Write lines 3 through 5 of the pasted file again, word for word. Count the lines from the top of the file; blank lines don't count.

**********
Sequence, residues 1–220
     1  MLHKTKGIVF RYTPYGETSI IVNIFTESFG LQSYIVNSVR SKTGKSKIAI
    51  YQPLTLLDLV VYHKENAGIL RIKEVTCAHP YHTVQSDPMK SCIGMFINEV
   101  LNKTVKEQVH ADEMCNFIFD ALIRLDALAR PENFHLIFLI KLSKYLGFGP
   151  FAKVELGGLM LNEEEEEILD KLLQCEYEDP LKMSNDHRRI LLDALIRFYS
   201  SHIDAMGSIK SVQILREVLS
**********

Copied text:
    51  YQPLTLLDLV VYHKENAGIL RIKEVTCAHP YHTVQSDPMK SCIGMFINEV
   101  LNKTVKEQVH ADEMCNFIFD ALIRLDALAR PENFHLIFLI KLSKYLGFGP
   151  FAKVELGGLM LNEEEEEILD KLLQCEYEDP LKMSNDHRRI LLDALIRFYS